If you are buying or selling a rental property, I will help you comply with the Wisconsin Rental Weatherization program. This was formally known as a DIHLR Inspection but has since changed. Click here for the brochure and requirements to get you started. Click here to search for a property for compliance. I will issue your certification when your rental property meets the requirements. Greg Liebig is a licensed Wisconsin Rental Weatherization Inspector. More information
This program went into effect on January 1, 1985. Pursuant to s. 101.122, Stats., the purpose of this chapter is to establish minimum energy efficiency requirements for rental units that must be met before the ownership of the rental unit may be transferred.Since then, most residential rental properties have had to meet minimum standards for energy efficiency. The register of deeds will not record the transfer of the property unless the following conditions are met:
- An inspector has certified the property; or
- The buyer has filed a Stipulation to bring it up to Code within a year; or
- The property or transfer is shown on the Real Estate Transfer Return to be excluded from the Code; or
- The buyer has filed a Waiver with the Department of Commerce stating that the building will be demolished within two years.
Here's a link to all of the State forms you may need.
State Requirements and Property Search
The first place to start is to review Wisconsin Requirements. Click here for the brochure. A property only needs one certification and it is good for the life of the property. You can click here to search for a property to see if there is an active stipulation or if a certification has been issued. Please contact us if you would like more information or to schedule the inspection.
2008 Rental Unit Energy Efficiency Program Changes
Rental Unit Energy Efficiency Program Changes Effective May 1, 2008. The major changes to the program are:
- Elimination of the Waiver and Stipulation Fees
- Increasing the Fee of the Certification Transfer stamp to $43.00
- Increasing the Maximum Allowable Inspection
- Fess Up to 2 rental units . . . . . . . . . . . . . . . . . . . . . . $250.00
- Three to 8 rental units . . . . . . $250.00 plus $50 for each additional rental unit over 2 rental units.
- Over 8 rental units . . . . . . . . $250.00 plus $25 for each additional rental unit over 8 rental units.
- Reorganize all of the requirements under Comm 67 by grouping them into subchapters relating to application, definitions, administration and enforcement, and technical requirements.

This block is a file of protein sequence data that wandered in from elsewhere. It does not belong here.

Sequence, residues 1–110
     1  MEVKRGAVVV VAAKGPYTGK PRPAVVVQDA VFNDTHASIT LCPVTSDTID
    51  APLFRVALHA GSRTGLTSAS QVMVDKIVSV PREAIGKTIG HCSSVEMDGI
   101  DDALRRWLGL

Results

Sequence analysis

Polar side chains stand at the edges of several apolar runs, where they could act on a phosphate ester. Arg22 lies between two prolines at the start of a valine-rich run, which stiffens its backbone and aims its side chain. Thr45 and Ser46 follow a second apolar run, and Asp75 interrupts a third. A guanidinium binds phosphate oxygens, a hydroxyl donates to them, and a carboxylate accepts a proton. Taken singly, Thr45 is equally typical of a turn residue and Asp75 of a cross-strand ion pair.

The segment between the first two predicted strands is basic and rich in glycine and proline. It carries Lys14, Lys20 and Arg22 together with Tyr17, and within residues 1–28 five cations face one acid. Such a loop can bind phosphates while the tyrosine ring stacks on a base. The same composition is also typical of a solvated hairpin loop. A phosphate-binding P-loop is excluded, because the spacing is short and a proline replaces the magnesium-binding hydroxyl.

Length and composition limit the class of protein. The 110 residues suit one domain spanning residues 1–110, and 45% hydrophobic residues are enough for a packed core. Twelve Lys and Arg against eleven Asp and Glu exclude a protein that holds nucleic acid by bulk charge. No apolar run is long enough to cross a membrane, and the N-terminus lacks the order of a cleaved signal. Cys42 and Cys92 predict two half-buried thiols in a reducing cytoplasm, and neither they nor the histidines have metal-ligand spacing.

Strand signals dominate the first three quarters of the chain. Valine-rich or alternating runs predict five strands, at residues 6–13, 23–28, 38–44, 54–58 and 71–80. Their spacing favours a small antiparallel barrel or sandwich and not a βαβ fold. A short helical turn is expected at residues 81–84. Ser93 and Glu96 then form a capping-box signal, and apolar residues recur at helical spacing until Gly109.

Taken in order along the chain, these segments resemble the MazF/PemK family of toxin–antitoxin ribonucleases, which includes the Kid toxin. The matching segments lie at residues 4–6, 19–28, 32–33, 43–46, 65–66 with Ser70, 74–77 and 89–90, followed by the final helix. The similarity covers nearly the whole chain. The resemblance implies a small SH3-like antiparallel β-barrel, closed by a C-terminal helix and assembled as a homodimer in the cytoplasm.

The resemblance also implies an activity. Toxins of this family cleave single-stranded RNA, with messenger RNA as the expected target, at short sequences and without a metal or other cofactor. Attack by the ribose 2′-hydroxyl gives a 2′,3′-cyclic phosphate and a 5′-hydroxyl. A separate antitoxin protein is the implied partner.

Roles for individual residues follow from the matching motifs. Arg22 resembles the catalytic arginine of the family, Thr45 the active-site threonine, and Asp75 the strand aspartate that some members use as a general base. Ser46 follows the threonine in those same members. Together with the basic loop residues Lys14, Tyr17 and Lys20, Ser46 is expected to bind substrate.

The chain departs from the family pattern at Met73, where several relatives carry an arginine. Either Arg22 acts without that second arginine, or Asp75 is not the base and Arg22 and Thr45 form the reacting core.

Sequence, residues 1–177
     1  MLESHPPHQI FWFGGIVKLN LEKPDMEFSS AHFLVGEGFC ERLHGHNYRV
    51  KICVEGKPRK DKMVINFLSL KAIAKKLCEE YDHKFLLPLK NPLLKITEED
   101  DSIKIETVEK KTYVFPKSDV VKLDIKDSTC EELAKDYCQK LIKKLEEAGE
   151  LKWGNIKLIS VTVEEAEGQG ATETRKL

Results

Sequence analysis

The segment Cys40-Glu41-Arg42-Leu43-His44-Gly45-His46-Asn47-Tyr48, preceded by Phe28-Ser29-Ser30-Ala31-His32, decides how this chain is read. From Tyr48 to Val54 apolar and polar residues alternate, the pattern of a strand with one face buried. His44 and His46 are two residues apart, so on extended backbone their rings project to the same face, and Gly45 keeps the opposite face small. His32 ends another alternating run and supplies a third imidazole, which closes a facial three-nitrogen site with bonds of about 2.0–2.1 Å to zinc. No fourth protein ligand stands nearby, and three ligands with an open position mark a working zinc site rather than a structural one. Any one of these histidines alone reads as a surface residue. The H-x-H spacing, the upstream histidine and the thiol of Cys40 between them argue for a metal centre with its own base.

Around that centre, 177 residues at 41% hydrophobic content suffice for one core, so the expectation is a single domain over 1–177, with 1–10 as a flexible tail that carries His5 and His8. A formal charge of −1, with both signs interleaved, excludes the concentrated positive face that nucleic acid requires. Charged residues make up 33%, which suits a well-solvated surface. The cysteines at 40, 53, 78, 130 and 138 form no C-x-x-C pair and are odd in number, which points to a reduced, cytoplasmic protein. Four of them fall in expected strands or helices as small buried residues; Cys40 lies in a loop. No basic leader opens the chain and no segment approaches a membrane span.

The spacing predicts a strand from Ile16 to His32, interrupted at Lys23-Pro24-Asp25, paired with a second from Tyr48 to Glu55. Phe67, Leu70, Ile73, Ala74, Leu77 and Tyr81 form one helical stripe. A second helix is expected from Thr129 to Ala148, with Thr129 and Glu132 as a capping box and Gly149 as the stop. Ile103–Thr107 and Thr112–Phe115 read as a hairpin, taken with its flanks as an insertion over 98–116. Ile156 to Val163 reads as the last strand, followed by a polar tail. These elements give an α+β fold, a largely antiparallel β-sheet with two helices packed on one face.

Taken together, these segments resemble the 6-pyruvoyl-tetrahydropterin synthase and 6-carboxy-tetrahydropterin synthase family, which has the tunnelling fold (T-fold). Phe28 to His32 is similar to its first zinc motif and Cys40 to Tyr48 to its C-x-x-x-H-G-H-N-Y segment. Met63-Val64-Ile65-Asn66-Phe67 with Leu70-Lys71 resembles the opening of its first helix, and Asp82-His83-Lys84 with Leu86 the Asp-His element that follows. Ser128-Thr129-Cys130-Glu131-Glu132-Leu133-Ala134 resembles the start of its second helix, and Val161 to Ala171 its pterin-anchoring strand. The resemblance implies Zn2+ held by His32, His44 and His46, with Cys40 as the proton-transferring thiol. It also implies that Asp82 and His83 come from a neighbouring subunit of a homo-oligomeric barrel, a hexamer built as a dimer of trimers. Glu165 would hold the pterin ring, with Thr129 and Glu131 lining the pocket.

- Elimination of the Cost Payback Exemption
- Clarify the definition of "owner-occupied" by stating the owner must occupy a dwelling unit exclusively as the primary or secondary residence within the first year immediately after the date of transfer of the dwelling unit. It also clarifies the owner may claim up to 2 residences.
- Clarify the 2-year time period granted for a waiver starts from the date the waiver is validated, and include a requirement that states a rental unit with an expired waiver may not be transferred.
- Clarify that an owner of a rental unit must bring the unit into compliance with the energy requirements no later than one year after the stipulation was validated.
- Clarify the stipulation requirements, and include an option that the owner may bring the rental unit into compliance using either the code in effect at the time the stipulation was issued or using the current code requirements.
- Clarify the rules relating to insulation of box sills to permit foam plastic insulation to be used without the required thermal barrier.
- Clarify the rules relating to insulation of ducts and pipes to include vented attic spaces.
- Change the requirements relating to domestic hot water pipes to domestic water heater pipes, and require the insulation of only the supply pipes for non-circulating hot and cold water pipes in vented crawl spaces.
The new rules do not change the properties that are currently excluded from coverage. The rules for mixed use buildings (for example, apartments above retail space) remain unchanged as well. Finally, the new rules still require compliance for properties acquired for re-sale and for properties acquired for rehabilitation (even if the properties are vacant during the renovation work), if the properties are not re-sold within one year of the transfer.